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Playmates Toys, Inc. v. Director

December 08, 1998


Before Judges Havey, Lesemann and P.g. Levy.

The opinion of the court was delivered by: P.g. Levy, J.A.D.

[9]    Submitted: November 9, 1998

On appeal from the Tax Court of New Jersey.

Playmates Toys, Inc. overpaid its corporate tax liability for 1989 and 1990, but the statute of limitations had expired by the time it sought a refund. When the Division of Taxation discovered it had erroneously refunded $63,463 it ordered the return of the refunded sum. Playmates contested the Division's order in the Tax Court, but summary judgment was granted to the Division, and Playmates appeals. Although there is no specific statutory authority permitting the Division to reclaim mistaken payments to taxpayers, we affirm, based on its inherent authority to make the correction.

Playmates is a California corporation authorized to do business in New Jersey and is subject to the Corporation Business Tax (CBT), N.J.S.A. 54:10A-1 to -40. The Director of Taxation caused Playmates' CBT returns for 1989 through 1992 to be audited. On December 28, 1995, the Director issued a Notice of Assessment stating a liability of $22,964 for 1991 and $1,929 for 1992. With credits applied due to overpayments of $44,241 for 1989 and $44,115 for 1990, the 1991 and 1992 liabilities were offset and no balance was due to the State. That net balance was calculated on worksheets attached to the schedule of liabilities, and those worksheets expressly stated that the balance of overpayments for 1989 and 1990, amounting to $63,463, was not available for refund because those years were "out of statute for refund." The reference was to the statutory limit of N.J.S.A. 54:49-14, restricting claims for refunds to a period of two years from the payment of the tax. The CBT refund periods for Playmates began on September 25, 1990 for the 1989 tax year, and on September 16, 1991 for tax year 1990. *fn1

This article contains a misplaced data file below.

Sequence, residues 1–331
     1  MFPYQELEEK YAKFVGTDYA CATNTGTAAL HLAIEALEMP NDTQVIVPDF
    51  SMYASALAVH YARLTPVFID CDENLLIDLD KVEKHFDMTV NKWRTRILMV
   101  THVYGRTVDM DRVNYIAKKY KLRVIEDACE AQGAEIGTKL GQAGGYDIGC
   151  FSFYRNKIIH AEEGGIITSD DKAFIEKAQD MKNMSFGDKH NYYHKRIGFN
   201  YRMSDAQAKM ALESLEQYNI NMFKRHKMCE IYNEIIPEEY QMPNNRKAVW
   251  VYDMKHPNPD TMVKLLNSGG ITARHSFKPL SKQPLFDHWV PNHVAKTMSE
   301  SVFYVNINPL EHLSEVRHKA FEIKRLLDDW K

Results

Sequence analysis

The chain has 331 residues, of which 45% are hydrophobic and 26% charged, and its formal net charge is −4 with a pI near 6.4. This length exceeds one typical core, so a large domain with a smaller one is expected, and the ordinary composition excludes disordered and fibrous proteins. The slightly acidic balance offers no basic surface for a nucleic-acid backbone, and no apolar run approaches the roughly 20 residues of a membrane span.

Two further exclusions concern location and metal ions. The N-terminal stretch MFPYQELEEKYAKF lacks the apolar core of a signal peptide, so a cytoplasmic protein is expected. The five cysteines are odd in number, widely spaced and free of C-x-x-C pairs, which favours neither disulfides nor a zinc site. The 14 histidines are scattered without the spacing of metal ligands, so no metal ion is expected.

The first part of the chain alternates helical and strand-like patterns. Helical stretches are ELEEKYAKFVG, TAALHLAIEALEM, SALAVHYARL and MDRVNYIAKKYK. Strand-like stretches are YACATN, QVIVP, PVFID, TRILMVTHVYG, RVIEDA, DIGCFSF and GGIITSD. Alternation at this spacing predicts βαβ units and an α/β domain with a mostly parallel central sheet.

Following receipt of the Notice of Assessment, Playmates filed a protest with the Conference and Appeals Branch of the Division and separately sought a refund of $63,463 with CBT Refund Section of the Division. Both the protest and the refund claim were filed on March 18, 1996, but each was filed separately without any reference to the other. On March 27, 1996, the Refund Section caused two checks totaling $63,463 to be issued to Playmates.